Infect Drug Resist. 2021 Mar 22;14:1141-1153. doi: 10.2147/IDR.S267219. eCollection 2021.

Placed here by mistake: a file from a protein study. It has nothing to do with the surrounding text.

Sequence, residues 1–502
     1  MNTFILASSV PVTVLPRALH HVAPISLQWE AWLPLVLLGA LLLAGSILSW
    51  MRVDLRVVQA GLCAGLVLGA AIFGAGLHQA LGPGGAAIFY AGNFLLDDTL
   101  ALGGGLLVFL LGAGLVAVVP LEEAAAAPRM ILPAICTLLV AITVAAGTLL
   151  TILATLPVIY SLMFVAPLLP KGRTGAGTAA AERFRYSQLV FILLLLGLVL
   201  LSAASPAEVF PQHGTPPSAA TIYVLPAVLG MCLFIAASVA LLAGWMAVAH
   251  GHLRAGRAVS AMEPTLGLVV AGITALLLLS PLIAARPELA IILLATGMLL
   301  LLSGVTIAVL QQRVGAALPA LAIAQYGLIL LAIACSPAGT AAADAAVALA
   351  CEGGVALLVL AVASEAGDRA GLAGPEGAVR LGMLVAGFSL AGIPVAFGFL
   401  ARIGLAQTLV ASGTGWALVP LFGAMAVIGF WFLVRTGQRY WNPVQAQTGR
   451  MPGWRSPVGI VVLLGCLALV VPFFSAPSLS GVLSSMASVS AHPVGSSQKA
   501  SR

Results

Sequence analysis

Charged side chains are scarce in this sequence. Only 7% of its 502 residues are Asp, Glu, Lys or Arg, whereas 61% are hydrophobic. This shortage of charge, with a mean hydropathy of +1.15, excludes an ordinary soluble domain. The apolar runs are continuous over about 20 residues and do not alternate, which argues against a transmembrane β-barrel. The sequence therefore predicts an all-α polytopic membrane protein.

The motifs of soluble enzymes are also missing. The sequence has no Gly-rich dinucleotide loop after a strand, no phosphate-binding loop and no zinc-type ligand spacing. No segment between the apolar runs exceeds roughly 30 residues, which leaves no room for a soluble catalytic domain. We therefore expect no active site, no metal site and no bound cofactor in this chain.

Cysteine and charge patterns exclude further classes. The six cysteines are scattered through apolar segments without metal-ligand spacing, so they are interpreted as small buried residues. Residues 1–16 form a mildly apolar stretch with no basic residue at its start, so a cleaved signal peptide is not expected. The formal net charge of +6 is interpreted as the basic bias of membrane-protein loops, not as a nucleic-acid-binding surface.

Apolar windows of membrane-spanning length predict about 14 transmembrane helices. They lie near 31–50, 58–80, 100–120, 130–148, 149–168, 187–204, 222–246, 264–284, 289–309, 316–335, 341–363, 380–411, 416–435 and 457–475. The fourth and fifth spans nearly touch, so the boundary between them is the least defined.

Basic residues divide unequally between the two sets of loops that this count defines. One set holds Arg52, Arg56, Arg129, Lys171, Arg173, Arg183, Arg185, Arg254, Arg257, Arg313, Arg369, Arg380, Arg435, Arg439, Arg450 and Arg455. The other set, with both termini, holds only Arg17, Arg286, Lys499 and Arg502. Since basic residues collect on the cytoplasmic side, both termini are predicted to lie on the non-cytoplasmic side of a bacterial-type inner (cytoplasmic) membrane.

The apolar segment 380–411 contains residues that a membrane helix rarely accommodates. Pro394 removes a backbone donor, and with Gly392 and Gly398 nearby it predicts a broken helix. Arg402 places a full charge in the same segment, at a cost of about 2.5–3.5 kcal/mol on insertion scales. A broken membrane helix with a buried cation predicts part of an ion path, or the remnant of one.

Cystic Fibrosis (CF) is an autosomal recessive disease characterized by a mutation in the cystic fibrosis transmembrane conductance regulator (CFTR) protein. Impairment of the CFTR protein in the respiratory tract results in the formation of thick mucus, development of inflammation, destruction of bronchial tissue, and development of bacterial or fungal infections over time. CF patients are commonly colonized and/or infected with fungal organisms, Candida albicans or Aspergillus fumigatus, with prevalence rates ranging from 5% to 78% in the literature. Risk factors for acquiring fungal organisms include older age, coinfection with Pseudomonas aeruginosa, prolonged use of oral and inhaled antibiotics, and lower forced expiratory volume (FEV1). There are limited data available to differentiate between contamination, colonization, and active infection. Furthermore, the pathogenicity of colonization is variable in the literature as some studies report a decline in lung function associated with fungal colonization whereas others showed no difference. Limited data are available for the eradication of fungal colonization and the treatment of active invasive aspergillosis in adult CF patients. In this review article, we discuss the challenges in clinical practice and current literature available for laboratory findings, clinical diagnosis, and treatment options for fungal infections in adult CF patients.